HOPWOOD A Difference of Opinions in Texas
Smith, Susan E., Black Issues in Higher Education
Despite being at odds with his predecessor, Texas attorney general is urging the state s higher education institutions to follow previous guidelines
AUSTIN, Texas-The state's flagship public universities will not reinstate race as a criterion in scholarship, financial aid or recruitment decisions despite an about-face on affirmative action by the state, college officials say.
Texas Attorney General John Cornyn earlier this month rescinded a 2.5-year-old opinion by his predecessor that ended affirmative action at all Texas public colleges and universities.
But Cornyn, a Republican, cautioned state university officials not to revert to such policies until the matter is settled once and for all in court. Re-instituting the policies could invite lawsuits, he warns.
The University of Texas at Austin will continue to use race-neutral scholarship and financial aid policies, says Dr. Patricia Ohlendoff, vice president for administration and legal affairs at the 50,000-student university.
That sentiment was echoed by officials at Texas A&M University.
"We're still studying the opinion. But we've seen nothing so far to convince us to change our policies," says Kathy Harris, director of communications for Texas A&M in College Station.
The previous opinion by former Texas Attorney General Dan Morales, a Democrat, jeopardized minority access to the state's flagship public universities in a state in which minorities are expected to be the majority of residents in the next decade.
State higher education leaders complain that it also resulted in a "brain drain" of the brightest minority students to out-of-state universities that still can offer race-based scholarships.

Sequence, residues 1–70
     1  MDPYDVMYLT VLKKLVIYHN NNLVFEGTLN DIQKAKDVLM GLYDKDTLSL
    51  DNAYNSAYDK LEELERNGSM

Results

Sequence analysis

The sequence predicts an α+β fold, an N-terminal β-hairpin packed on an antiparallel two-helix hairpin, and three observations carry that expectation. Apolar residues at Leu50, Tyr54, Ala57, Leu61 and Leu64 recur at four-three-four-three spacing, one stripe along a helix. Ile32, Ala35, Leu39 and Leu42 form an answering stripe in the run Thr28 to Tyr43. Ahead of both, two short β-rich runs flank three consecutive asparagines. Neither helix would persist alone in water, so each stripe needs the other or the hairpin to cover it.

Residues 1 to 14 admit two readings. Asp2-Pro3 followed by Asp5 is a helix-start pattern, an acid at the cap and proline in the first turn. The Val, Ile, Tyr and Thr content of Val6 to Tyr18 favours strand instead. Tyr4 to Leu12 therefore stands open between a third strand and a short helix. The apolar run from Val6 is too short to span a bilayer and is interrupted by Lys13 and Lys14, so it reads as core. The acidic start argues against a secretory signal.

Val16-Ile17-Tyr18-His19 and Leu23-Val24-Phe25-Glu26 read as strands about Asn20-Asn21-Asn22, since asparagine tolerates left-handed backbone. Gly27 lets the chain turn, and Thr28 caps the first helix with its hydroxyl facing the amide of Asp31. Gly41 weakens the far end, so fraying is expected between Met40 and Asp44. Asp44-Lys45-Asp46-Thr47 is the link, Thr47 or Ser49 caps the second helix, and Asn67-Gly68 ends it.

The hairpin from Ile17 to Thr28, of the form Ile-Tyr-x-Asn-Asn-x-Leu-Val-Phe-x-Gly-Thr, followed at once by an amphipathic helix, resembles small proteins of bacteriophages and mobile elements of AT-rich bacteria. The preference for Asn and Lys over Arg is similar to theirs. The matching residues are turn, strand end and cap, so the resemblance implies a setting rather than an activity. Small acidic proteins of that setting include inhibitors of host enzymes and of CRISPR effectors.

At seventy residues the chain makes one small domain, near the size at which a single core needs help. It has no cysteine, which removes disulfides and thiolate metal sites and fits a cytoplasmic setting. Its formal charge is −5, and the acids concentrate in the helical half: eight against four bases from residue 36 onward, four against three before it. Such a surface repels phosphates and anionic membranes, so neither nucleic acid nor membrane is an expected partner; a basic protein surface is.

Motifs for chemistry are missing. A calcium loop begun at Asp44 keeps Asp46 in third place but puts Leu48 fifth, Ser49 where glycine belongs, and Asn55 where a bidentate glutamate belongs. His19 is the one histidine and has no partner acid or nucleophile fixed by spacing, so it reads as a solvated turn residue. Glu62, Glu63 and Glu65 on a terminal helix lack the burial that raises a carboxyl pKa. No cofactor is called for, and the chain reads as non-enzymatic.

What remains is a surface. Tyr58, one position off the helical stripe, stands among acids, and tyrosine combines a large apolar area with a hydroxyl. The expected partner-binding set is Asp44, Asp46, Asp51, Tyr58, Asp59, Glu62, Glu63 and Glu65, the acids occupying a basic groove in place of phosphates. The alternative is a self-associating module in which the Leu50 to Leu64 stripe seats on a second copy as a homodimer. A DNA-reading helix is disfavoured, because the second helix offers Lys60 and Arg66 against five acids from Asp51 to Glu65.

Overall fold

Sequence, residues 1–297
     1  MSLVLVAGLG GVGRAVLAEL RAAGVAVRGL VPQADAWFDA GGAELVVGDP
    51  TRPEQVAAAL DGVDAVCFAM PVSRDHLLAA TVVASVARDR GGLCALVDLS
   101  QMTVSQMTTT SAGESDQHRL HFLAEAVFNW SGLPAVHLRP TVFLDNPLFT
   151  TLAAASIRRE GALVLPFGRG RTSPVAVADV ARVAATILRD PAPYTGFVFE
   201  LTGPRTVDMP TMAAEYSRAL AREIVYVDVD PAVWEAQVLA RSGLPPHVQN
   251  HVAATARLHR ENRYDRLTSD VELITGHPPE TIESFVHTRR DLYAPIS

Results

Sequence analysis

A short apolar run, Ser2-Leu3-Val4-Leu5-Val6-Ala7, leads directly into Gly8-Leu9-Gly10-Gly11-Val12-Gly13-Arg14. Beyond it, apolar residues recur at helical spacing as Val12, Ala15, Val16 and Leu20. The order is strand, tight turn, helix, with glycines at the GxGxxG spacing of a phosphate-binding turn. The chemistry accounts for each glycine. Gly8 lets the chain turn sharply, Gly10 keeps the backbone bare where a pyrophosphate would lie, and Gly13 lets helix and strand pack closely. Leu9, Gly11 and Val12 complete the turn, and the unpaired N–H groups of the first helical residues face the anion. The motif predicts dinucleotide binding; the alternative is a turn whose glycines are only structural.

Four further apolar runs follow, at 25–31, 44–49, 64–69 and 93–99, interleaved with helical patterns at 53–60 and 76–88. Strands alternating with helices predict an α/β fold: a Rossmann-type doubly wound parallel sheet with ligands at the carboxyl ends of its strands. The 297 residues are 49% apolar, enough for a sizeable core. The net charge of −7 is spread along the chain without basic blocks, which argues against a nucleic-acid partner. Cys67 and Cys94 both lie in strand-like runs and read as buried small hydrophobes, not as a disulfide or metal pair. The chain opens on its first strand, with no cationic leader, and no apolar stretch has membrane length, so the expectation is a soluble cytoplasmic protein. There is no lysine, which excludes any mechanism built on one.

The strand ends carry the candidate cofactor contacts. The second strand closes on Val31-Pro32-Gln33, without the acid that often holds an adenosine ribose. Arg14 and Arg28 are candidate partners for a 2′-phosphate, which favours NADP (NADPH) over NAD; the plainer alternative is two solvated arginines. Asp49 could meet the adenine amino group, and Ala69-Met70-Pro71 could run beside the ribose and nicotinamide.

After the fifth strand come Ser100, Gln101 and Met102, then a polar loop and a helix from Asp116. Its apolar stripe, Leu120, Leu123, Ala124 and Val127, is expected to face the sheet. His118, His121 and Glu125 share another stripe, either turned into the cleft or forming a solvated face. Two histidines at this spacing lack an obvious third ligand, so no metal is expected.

The state's biggest universities still are struggling to recruit and retain minority students since the ban on affirmative action, based on a court decision on reverse discrimination at the University of Texas.
Following the 1997 opinion, lawmakers and university administrators rushed to find new methods to increase minority enrollment at Texas A&M and the University of Texas, selective public universities that were hardest hit by the affirmative action ban. Attendance at the universities, with their influential alumni groups, often is a path to powerful public and private sector positions.
A state senator urged Cornyn, who was elected in November, to review Morales' opinion. And even though it has no immediate effect, university officials praised Cornyn's opinion.
"We deeply appreciate the attorney general's efforts on behalf of the University of Texas and all of Texas higher education," Dr. William Cunningham, chancellor of the University of Texas System told reporters at a news conference here earlier this month.
Cornyn's office has joined the University of Texas in an appeal of the so-called Hopwood case. The 1992 lawsuit is named for Cheryl Hopwood, one of four White students who alleged they were denied admission to the university's law school because of their race.
The 5th U.S. Circuit Court of Appeals ruled in the students' favor. Some constitutional and civil rights lawyers have argued that the Hopwood ruling applies only to higher education admissions.
But Morales' interpretation of the ruling was to ban consideration of race in admissions, scholarships, financial aid and recruitment decisions -- a decision that since has been criticized as too broad. Cornyn agreed.
"Absent clear guidance from the [U.S. Supreme Court], we think it inadvisable to reach broad conclusions on what may or may not be permitted under Hopwood on matters other than admissions," Cornyn said in a written statement. "Because [Morales'] opinion on the subject ... does just that, we withdraw it."
The opinion also states: "Only the United States Supreme Court can resolve these sensitive issues with any degree of certainty. …